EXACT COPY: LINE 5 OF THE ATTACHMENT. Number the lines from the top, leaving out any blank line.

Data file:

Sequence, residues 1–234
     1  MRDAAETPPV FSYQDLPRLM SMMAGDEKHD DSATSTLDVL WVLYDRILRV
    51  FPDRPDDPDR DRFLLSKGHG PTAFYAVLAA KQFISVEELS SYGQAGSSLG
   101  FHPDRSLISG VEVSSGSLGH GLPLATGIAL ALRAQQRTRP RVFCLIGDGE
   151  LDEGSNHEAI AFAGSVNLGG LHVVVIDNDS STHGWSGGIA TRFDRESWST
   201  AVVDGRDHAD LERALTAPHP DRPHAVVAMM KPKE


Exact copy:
   151  LDEGSNHEAI AFAGSVNLGG LHVVVIDNDS STHGWSGGIA TRFDRESWST